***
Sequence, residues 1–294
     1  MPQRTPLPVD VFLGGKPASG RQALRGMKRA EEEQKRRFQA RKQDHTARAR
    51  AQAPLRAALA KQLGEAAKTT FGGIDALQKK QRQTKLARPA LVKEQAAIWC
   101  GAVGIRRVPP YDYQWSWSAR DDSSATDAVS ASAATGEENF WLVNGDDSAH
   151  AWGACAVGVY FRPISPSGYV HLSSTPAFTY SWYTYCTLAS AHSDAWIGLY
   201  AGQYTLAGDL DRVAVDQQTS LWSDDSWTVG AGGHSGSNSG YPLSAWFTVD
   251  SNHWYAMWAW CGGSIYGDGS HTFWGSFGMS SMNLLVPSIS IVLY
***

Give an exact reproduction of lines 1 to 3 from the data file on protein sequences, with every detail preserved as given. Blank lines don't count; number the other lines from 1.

Sequence, residues 1–294
     1  MPQRTPLPVD VFLGGKPASG RQALRGMKRA EEEQKRRFQA RKQDHTARAR
    51  AQAPLRAALA KQLGEAAKTT FGGIDALQKK QRQTKLARPA LVKEQAAIWC